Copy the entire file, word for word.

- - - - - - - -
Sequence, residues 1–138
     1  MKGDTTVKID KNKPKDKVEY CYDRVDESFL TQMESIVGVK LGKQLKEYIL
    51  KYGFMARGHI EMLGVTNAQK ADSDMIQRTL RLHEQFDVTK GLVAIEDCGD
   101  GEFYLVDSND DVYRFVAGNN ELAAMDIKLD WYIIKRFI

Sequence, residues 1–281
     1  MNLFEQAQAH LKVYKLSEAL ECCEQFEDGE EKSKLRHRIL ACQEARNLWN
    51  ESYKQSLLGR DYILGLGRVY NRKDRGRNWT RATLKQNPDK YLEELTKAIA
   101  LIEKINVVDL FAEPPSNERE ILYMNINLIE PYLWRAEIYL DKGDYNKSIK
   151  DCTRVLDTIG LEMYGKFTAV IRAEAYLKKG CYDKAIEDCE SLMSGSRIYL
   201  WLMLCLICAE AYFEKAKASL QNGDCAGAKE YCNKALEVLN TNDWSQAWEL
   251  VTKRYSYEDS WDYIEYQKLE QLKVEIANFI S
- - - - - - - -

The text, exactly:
Sequence, residues 1–138
     1  MKGDTTVKID KNKPKDKVEY CYDRVDESFL TQMESIVGVK LGKQLKEYIL
    51  KYGFMARGHI EMLGVTNAQK ADSDMIQRTL RLHEQFDVTK GLVAIEDCGD
   101  GEFYLVDSND DVYRFVAGNN ELAAMDIKLD WYIIKRFI

Sequence, residues 1–281
     1  MNLFEQAQAH LKVYKLSEAL ECCEQFEDGE EKSKLRHRIL ACQEARNLWN
    51  ESYKQSLLGR DYILGLGRVY NRKDRGRNWT RATLKQNPDK YLEELTKAIA
   101  LIEKINVVDL FAEPPSNERE ILYMNINLIE PYLWRAEIYL DKGDYNKSIK
   151  DCTRVLDTIG LEMYGKFTAV IRAEAYLKKG CYDKAIEDCE SLMSGSRIYL
   201  WLMLCLICAE AYFEKAKASL QNGDCAGAKE YCNKALEVLN TNDWSQAWEL
   251  VTKRYSYEDS WDYIEYQKLE QLKVEIANFI S